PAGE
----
Friday, June 17, 2011

June 19: Trinity Sunday: Commissioned by the Trinity

Genesis 1:1-2:4a, Psalm 8, 2 Corinthians 13:11-13, Matthew 28:16-20

Our gospel lesson is the last five verses at the end of Matthew, the final words of Jesus to his disciples. We call these final words the Great Commission. The commission includes our using a new name for God. Now, you know that God has several names. In Genesis 1, God is Elohim, the plural form of El, or Al, or Allah. In Genesis 17, with Abraham, God used the name El-Shaddai, or God Almighty. In Exodus 3, God commissioned Moses to use a new name, Yahweh, or Adonai, the Lord, the Eternal. In Matthew Jesus commissions us with a new name: Father, Son, and Holy Spirit, three names together, always together, the name in which we are baptized, the name which defines how we relate to God.

Three discrete names means three discrete persons, one of them being Christ himself. He is God, but a different person than his Father, as is the Holy Spirit. Three names, three persons, and yet one God. The unity of the one God has a texture which Jesus opens up to us by means of this new name. Not that he explains it, but he commissions it. We accept the commission, though it is challenging. It’s not for convenience that we confess the Holy Trinity, but from obedience.

The doctrine of the Trinity has tested the church throughout the centuries. It’s been the cause of conflicts and an excuse for wars. Our original conflict with Islam was because it was Unitarian, not because it was violent—Christendom was just as violent. Our supposed rationale for persecuting Jews was the crime of Unitarianism. To be a Unitarian of any sort was punishable by death. Such defensiveness of a doctrine suggests a fragile doctrine.

The presenting problem of the Trinity is the status of the person of Jesus: how can Jesus be God, and not his Father, and we still say that God is One? It is a stretch. It took the Apostles years to work it out. Well, it took years for Columbus to work out that he landed in a new world, not the Orient. It took rethinking everything. The resurrection forced the disciples to rethink everything they knew of God. I suspect that even Jesus, before his resurrection, did not fully comprehend his status and identity.

The status of Jesus is the problem for Jews and Muslims and Unitarians, but the problem for many Christians is the status of the Holy Spirit. Last month some of us were discussing the difficulties of the Christian faith, what we found problematic, and two of you said that you didn’t get the Holy Spirit thing. God the Father, yes, God the Son, yes, but why speak of the Holy Spirit as a separate person? The Spirit is an energy, a force, a power, a wind, a breath, a fire, a dove.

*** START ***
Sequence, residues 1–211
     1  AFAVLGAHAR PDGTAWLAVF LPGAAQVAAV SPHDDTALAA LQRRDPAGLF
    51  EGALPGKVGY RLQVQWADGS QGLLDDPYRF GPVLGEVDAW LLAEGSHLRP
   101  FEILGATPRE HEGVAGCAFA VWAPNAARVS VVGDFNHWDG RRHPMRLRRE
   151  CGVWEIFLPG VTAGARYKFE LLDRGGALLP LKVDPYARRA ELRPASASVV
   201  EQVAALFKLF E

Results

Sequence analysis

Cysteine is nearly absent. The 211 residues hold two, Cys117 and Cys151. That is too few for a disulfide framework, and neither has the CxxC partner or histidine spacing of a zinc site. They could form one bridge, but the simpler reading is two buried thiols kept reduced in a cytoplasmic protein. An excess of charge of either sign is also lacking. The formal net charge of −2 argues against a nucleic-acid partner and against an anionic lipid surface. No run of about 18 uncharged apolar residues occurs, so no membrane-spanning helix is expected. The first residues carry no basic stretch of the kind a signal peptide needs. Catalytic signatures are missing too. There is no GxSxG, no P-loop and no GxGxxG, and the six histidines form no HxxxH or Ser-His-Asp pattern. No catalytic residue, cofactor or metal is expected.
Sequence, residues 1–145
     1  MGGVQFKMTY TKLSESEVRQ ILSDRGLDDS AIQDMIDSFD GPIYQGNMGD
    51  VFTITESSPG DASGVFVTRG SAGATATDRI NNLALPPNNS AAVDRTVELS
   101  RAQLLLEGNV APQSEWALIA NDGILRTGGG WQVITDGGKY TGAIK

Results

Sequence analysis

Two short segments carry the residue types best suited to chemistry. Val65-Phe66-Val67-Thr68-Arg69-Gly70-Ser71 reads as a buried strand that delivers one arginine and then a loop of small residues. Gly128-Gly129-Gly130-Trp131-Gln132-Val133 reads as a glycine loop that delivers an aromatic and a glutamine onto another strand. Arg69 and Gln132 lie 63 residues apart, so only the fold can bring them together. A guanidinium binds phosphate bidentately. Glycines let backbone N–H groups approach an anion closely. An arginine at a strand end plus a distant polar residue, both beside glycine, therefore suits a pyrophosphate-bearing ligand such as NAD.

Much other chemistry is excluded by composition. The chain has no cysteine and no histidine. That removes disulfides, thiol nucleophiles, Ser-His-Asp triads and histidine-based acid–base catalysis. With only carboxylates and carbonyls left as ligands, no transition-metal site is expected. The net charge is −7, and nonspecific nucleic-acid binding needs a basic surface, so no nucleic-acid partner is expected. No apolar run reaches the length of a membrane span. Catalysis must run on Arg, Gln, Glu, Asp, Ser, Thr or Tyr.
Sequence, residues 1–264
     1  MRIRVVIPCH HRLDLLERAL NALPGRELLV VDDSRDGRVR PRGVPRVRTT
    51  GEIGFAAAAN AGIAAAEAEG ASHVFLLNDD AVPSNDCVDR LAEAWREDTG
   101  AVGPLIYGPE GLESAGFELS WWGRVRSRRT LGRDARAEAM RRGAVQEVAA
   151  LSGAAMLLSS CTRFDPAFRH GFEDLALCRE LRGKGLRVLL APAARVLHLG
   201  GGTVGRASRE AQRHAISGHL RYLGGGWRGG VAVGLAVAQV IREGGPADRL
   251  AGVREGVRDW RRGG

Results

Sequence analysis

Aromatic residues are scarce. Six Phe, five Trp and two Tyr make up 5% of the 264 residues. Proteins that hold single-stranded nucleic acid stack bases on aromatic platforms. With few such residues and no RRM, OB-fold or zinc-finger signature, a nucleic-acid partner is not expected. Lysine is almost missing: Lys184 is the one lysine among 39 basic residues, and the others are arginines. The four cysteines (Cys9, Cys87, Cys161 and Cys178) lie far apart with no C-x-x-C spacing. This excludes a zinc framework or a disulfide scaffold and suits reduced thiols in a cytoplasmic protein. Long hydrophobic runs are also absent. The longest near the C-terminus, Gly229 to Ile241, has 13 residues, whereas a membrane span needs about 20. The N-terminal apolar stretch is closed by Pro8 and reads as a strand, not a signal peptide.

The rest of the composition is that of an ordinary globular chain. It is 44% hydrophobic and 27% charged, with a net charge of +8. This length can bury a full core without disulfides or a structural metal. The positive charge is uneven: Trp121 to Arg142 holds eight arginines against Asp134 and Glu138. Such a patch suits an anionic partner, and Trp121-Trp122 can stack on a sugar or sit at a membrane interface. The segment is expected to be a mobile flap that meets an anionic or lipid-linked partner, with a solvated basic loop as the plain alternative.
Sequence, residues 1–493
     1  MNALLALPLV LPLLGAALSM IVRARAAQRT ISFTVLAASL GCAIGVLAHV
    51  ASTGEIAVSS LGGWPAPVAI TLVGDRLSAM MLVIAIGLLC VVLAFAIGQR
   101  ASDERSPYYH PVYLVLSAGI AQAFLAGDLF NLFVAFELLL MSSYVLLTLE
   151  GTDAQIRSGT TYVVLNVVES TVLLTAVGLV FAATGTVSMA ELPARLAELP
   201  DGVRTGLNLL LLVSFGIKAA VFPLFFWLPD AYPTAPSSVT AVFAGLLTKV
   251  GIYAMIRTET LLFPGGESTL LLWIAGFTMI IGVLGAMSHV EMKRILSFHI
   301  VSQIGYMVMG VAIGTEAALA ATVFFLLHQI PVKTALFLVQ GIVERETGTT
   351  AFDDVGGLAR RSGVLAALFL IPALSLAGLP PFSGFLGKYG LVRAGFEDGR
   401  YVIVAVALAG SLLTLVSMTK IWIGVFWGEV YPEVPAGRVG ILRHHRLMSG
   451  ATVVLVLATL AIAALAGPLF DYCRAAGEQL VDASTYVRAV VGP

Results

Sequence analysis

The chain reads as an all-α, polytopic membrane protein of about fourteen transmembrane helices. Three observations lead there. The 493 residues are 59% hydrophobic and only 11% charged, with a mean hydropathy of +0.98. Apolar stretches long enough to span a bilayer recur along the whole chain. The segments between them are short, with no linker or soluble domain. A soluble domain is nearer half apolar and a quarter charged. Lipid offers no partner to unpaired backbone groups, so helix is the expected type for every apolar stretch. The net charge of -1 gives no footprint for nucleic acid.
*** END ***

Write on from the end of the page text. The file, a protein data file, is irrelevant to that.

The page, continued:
Well, I am commissioned to teach it to you as best I can, though no one fully can. The Trinity is unique, incomparable, incomprehensible, as it must be if it is God. If I said I had it fully figured out and I could neatly explain it, that would tell you not to believe me. We only have analogies and images, which all break down.

Let me use the image of a tree. God the Father is the trunk of the tree. God the Son is the branches and the leaves. And God the Holy Spirit is the seeds. If you look at a tree you see the trunk and the branches and leaves, but not the seeds. A seed falls to the ground, and it is hidden in the earth. But the seed is the concentrated essence of the tree. More so than the trunk or the branches or the leaves. The seed at one point is a tree in full. No matter how tiny, the seed has the soul of the tree in it, all the concentrated tree-ness of a tree, which will open up with all the textures of a growing tree. You could say that a tree is one seed’s strategy for making other seeds. Which would be wrong. A tree in its reality is the dynamic movement from the compact unity of a seed into the textured richness of the tree and back again into the seed.

The Holy Spirit is the soul of God and the concentration of God. The Holy Spirit is more purely and essentially God than are the Father and the Son. The Holy Spirit is not an add-on, but the deepest self of God, the deeper personality behind the majestic personality of the Father and the comely personality of the Son. The Holy Spirit is the most essential God because that is what God is, pure spirit, the purest spirit that there is, the great spirit, the original spirit, without limit, without boundary, unconstrained and uncontainable, without sex or gender, neither male nor female. If God is anything, God is spirit, purely and wholly spirit, God is the holiest of spirits.

It’s a common mistake to think of the Father as the essential God, that the Father is the one God we believe in with Jews and Muslims, and then we add Jesus, so that we have God and Jesus. That mistake is rightly criticized by Jews and Muslims. The God of Abraham and Moses is not the first person–God the Father–to which we Christians add a second. No, the God of Abraham and Moses is the undivided Spirit who is holy, holy, holy.